Thursday, October 23, 2014
Inquirer Daily News

Vines gone wild

Trumpet vine, trumpet creeper, is a beautiful thing. In two or three years this vigorous woody vine can cover almost any pergola or trellis - or building - completely. You can whack it back in winter and it returns full and ripe the next

Vines gone wild

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Villainous vine

Trumpet vine, trumpet creeper, is a beautiful thing. In two or three years this vigorous woody vine can cover almost any pergola or trellis - or building - completely. You can whack it back in winter and it returns full and ripe the next spring. I've been whacking it all summer to keep it in line and more than once cursing it. Its seedlings are everywhere this year, its third season - in open spaces, curled inside my clethra bushes, entwined with the hardy hibiscus, spurting up the hydrangeas and climbing walls where it's not invited.

It's a pretty vine, to be sure. Pointed leaves and tubular, trumpet shaped, orange and yellow flowers whose nectar hummingbirds enjoy. I see other birds in and on the vines. It's something of a launching pad.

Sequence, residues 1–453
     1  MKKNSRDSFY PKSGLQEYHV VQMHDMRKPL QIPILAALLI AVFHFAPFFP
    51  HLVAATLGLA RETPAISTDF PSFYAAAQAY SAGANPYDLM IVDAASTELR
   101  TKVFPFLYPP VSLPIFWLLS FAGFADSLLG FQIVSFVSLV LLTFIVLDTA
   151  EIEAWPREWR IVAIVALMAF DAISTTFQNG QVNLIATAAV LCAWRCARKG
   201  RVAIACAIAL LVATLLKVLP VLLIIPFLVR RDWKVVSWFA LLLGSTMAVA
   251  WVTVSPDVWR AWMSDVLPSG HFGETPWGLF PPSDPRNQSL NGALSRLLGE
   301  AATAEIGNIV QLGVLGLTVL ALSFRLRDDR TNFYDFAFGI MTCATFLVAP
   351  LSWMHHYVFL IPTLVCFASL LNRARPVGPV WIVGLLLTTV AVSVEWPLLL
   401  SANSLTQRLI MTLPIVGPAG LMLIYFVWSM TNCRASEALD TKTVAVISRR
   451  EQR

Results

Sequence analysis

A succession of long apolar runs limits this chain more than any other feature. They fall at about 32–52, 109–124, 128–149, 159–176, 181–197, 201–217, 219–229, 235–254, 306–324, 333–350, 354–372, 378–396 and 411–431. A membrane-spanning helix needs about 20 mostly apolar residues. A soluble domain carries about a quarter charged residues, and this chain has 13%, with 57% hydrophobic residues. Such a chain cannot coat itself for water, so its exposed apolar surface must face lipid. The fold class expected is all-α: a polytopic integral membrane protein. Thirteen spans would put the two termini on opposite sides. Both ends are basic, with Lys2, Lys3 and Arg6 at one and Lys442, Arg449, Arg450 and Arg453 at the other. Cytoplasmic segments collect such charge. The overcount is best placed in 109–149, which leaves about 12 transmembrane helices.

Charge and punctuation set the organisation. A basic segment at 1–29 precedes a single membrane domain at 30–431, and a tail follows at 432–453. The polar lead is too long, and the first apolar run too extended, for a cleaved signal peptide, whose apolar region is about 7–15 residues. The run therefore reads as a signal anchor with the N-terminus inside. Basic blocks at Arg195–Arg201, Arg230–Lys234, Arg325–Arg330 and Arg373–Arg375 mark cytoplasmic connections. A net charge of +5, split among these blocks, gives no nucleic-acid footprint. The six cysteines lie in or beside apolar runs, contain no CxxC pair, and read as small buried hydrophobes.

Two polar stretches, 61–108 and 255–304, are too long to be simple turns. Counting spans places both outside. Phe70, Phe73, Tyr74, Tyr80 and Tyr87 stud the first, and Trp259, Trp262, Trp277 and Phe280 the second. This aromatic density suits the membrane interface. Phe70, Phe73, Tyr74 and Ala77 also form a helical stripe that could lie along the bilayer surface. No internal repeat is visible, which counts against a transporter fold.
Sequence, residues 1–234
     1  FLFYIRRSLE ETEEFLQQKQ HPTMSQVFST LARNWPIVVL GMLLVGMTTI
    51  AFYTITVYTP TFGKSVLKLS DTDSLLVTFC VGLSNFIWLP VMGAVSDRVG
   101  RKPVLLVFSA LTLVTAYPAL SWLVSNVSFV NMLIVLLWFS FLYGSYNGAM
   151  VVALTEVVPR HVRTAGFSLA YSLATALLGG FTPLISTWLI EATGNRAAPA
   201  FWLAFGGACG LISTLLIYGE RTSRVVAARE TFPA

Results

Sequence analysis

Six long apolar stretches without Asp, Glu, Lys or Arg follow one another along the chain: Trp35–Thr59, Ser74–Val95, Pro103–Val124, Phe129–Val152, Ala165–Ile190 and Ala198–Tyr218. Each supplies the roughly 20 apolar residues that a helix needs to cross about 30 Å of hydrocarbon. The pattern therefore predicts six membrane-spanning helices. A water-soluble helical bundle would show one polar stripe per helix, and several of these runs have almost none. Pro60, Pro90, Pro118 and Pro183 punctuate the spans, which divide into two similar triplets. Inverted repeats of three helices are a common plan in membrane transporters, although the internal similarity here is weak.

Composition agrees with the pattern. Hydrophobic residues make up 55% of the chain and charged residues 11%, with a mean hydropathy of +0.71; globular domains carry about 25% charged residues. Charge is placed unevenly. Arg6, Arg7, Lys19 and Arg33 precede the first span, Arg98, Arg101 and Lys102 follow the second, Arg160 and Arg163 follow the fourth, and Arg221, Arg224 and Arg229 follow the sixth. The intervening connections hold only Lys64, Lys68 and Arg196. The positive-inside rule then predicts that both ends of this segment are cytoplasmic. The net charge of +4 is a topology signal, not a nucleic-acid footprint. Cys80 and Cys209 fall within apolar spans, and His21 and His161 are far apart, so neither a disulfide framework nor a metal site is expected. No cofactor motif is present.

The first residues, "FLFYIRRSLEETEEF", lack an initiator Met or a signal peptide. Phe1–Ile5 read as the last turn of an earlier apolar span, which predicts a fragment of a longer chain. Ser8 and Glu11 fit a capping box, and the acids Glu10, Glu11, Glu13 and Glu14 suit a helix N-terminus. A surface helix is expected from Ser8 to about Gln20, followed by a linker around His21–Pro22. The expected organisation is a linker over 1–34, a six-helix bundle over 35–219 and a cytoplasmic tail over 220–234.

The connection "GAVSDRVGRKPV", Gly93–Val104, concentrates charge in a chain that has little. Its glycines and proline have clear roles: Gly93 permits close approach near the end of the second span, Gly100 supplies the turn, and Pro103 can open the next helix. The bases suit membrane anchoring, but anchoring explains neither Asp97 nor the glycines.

But Campsis radicans, though native to this area, is so aggressive, its rootlets or "holdfasts" ruthlessly grabbing on to anything vertical, that I'd never plant it again. Far better to do a native vine like trumpet honeysuckle - Lonicera sermpervirens. I have quite a few of them and, like the children you never had, they are always both beautiful and well-behaved.

So this morning, yet again, I gathered seedpods from the trumpet vine in the vain hope that I can prevent more seedlings from sprouting. I put the in the trash - never the composter! I can't wait to see trumpet vines inching out of the manhole covers! 

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Virginia A. Smith Inquirer Staff Writer
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